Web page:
75 37 How much power is used by R 1? R 1 = 10Ω R 2 = 20Ω V = 9 V Page 75 of 105

76 38 How much power is used by R 2? R 1 = 10Ω R 2 = 20Ω V = 9 V Page 76 of 105

77 Parallel Circuits: Equivalent Resistance R 1 What happens to the current in the circuit to the right? R 2 V Page 77 of 105

78 Parallel Circuits: Equivalent Resistance R 1 What happens to the voltage as it moves around the circuit? R 2 V Page 78 of 105

79 Parallel Circuits: Equivalent Resistance If I = I 1 + I 2 + I 3 Rewrite Ohm's Law for I and substitute for each resistor V R = V 1 R 1 + V 2 R 2 + V 3 R 3 Also, since V = V 1 = V 2 = V 3 so we can substitute V for any other voltage V R = V R 1 + V R 2 + V R 3 Voltage is a common factor, so factor it out! V R = V( 1 R R = + + R eq R 2 R 1 R 3 1 R 3 ( Divide by V to eliminate voltage from the equation. If you add more resistors in parallel, what will happen the to resistance of the circuit? Page 79 of 105

80 39 What is the equivalent resistance in the circuit? R 1 = 3Ω R 2 = 6Ω V = 18V Page 80 of 105

81 40 What is the voltage at any spot in the circuit? R 1 = 3Ω R 2 = 6Ω V = 18V Page 81 of 105

82 41 What is the current through R 1? R 1 = 3Ω R 2 = 6Ω V = 18V Page 82 of 105

83 42 What is the current through R 2? R 1 = 3Ω R 2 = 6Ω V = 18V Page 83 of 105

84 43 What is the power used by R 1? R 1 = 3Ω R 2 = 6Ω V = 18V Page 84 of 105

85 44 What is the power used by R 2? R 1 = 3Ω R 2 = 6Ω V = 18V Page 85 of 105

86 45 What is the equivalent resistance in the circuit? Page 86 of 105

87 46 What is the voltage at any spot in the circuit? Page 87 of 105

88 47 What is the current through R 1? Page 88 of 105

89 48 What is the current through R 2? Page 89 of 105

90 49 What is the power used by R 1? Page 90 of 105

91 50 What is the power used by R 1? Page 91 of 105

92 51 What is the power used by R 2? Page 92 of 105

93 Measurement Page 93 of 105

94 Voltmeter Voltage is measured with a voltmeter. Voltmeters are connected in parallel and measure the difference in potential between two points. Since circuits in parallel have the same voltage, and a voltmeter has very high resistance, very little current passes through it. This means that it has little effect on the circuit. Page 94 of 105

95 Ammeter Current is measured using an ammeter. Ammeters are placed in series with a circuit. In order to not interfere with the current, the ammeter has a very low resistance. Page 95 of 105

96 Multimeter Although there are separate items to measure current and voltage, there are devices that can measure both (one at a time). These devices are called multimeters.multimeters can also measure resistance. Click here for a PhET simulation on circuits Page 96 of 105

97 52 A group of students prepare an experiment with electric circuits. Which of the following diagrams can be used to measure both current and voltage? L A B C D E Page 97 of 105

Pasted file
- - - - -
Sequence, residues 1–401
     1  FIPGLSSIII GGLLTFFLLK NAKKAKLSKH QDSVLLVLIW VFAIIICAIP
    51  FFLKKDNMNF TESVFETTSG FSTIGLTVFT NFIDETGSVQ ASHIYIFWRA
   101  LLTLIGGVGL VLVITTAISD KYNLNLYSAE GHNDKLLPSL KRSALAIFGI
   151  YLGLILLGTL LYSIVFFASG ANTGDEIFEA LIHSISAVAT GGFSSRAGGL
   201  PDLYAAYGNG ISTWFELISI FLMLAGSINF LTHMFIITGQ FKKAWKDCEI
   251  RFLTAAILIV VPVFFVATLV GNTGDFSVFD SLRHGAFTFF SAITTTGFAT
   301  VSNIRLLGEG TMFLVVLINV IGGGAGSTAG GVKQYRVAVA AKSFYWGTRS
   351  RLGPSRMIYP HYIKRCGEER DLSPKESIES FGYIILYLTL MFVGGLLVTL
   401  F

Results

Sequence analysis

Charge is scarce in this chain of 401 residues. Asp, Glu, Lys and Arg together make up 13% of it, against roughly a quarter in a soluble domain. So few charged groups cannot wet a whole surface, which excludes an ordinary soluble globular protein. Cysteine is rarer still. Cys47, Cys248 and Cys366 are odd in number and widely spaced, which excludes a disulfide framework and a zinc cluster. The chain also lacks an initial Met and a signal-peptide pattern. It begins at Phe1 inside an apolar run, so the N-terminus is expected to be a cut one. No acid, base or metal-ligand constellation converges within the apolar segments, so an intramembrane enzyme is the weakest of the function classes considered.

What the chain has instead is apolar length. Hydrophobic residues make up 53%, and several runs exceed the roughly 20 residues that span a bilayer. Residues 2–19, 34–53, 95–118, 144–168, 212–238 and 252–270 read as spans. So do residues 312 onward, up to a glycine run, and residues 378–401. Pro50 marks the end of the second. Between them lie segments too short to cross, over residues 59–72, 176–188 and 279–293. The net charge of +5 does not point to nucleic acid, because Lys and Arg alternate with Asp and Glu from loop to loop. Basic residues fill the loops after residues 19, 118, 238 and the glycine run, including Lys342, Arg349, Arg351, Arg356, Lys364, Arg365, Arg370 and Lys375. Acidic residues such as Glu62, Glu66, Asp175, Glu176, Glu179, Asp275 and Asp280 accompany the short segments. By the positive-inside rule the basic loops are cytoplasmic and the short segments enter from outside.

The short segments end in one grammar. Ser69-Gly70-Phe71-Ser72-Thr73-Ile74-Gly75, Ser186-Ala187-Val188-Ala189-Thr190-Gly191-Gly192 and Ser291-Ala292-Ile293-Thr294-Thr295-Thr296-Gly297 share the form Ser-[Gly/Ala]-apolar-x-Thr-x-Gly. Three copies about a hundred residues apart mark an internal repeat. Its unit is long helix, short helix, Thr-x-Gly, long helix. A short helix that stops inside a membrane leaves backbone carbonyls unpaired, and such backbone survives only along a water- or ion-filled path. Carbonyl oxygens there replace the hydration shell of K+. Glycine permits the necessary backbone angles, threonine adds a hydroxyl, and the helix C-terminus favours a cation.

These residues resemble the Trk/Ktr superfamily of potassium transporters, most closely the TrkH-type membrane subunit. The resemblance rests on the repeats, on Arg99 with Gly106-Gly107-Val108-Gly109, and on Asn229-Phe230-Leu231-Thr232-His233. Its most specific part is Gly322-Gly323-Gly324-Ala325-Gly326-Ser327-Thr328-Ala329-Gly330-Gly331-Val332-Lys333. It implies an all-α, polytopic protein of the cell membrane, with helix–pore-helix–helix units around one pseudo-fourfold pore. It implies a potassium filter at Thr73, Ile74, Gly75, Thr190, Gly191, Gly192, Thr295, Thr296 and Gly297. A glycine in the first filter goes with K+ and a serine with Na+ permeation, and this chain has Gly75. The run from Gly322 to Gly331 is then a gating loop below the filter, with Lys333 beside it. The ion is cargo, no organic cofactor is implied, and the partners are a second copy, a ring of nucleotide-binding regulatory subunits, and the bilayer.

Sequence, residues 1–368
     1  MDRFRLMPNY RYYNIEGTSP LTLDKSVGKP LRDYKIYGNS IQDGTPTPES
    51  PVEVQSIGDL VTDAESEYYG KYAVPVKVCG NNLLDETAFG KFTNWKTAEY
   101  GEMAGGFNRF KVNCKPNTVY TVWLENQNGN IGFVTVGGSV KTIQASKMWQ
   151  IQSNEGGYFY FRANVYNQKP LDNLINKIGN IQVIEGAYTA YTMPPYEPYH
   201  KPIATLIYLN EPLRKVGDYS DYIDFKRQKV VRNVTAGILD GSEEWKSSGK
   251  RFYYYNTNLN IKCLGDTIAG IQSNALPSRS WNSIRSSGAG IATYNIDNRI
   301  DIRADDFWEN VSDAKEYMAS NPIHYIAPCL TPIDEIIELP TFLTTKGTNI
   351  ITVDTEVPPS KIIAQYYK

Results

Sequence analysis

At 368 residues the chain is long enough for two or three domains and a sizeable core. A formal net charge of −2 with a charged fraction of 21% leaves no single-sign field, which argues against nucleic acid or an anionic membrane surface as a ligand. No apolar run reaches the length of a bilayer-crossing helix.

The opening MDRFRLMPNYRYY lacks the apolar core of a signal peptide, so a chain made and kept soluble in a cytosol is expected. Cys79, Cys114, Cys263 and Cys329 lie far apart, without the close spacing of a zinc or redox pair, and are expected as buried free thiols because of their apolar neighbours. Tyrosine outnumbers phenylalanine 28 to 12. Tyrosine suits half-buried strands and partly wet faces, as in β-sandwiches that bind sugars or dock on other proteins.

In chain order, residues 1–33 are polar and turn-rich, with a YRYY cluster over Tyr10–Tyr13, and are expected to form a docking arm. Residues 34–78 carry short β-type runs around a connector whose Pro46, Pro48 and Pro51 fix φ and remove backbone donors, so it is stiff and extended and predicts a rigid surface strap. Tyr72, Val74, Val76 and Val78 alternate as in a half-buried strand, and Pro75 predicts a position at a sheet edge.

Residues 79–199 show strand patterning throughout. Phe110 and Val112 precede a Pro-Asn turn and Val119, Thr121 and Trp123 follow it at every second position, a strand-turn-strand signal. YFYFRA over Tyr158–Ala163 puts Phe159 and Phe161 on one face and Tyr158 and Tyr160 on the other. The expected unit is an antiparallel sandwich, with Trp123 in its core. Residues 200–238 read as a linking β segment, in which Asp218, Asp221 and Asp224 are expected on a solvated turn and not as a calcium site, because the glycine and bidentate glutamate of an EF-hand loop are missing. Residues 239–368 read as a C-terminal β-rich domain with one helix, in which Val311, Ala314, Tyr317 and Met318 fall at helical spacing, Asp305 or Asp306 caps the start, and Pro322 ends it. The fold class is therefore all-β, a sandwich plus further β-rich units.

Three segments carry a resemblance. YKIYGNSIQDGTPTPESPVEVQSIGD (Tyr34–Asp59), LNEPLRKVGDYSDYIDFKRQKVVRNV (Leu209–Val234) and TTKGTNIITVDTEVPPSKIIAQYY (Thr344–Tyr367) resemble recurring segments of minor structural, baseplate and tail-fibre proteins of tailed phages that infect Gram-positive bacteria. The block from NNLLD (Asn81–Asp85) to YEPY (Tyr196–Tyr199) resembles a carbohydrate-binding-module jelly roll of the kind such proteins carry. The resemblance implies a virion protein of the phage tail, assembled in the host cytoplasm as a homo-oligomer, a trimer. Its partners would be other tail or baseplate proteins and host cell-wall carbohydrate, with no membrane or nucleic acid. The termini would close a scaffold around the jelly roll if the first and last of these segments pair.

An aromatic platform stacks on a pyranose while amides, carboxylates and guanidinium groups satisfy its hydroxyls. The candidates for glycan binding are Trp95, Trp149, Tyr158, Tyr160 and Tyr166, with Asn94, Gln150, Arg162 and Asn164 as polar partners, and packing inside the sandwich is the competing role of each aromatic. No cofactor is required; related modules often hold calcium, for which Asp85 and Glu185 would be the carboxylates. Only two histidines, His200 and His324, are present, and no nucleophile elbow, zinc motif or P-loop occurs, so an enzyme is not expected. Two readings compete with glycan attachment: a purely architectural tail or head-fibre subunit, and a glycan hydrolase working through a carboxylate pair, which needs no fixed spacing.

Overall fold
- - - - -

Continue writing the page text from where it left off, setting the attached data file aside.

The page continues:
98 * Electromotive Force R eq A battery is a source of voltage AND a resistor. + r E _ Each battery has a source of electromotive force and internal resistance. Electromotive force (EMF) is the process that carries charge from low to high voltage. Another way to think about it is that EMF is the voltage you measure when no resistance is connected to the circuit. Page 98 of 105

99 * Electromotive Force R eq + r E _ Terminal voltage (V T ) is the voltage measured when a voltmeter is across its terminals. If there is no circuit attached, no current flows, and the measurement will equal the EMF. If however a circuit is attached, the internal resistance will result in a voltage drop, and a smaller terminal voltage. (E - Ir) Page 99 of 105

100 * Terminal Voltage R eq We say that the terminal voltage is: + r E _ V T = E - Ir Maximum current will occur when there is zero external current. When solving for equivalent resistance in a circuit, the internal resistance of the battery is considered a series resistor. R EQ = R int + R ext Page 100 of 105

101 53* When the switch in the circuit below is open, the voltmeter reading is referred to as: A EMF B Current C Power D Terminal Voltage E Restivity Page 101 of 105

102 54* When the switch in the circuit below is closed, the voltmeter reading is referred to as: A Terminal Voltage B EMF C Current D Resistance E Power Page 102 of 105

103 55* A 6V battery, whose internal resistance 1.5 Ω is connected in series to a light bulb with a resistance of 6.8 Ω. What is the current in the circuit? Page 103 of 105

104 56* A 6V battery, whose internal resistance 1.5Ω is connected in series to a light bulb with a resistance of 6.8Ω. What is the terminal voltage of the battery? Page 104 of 105

105 57* A 25 Ω resistor is connected across the terminals of a battery whose internal resistance is 0.6 Ω. What is the EMF of the battery if the current in the circuit is 0.75 A? Page 105 of 105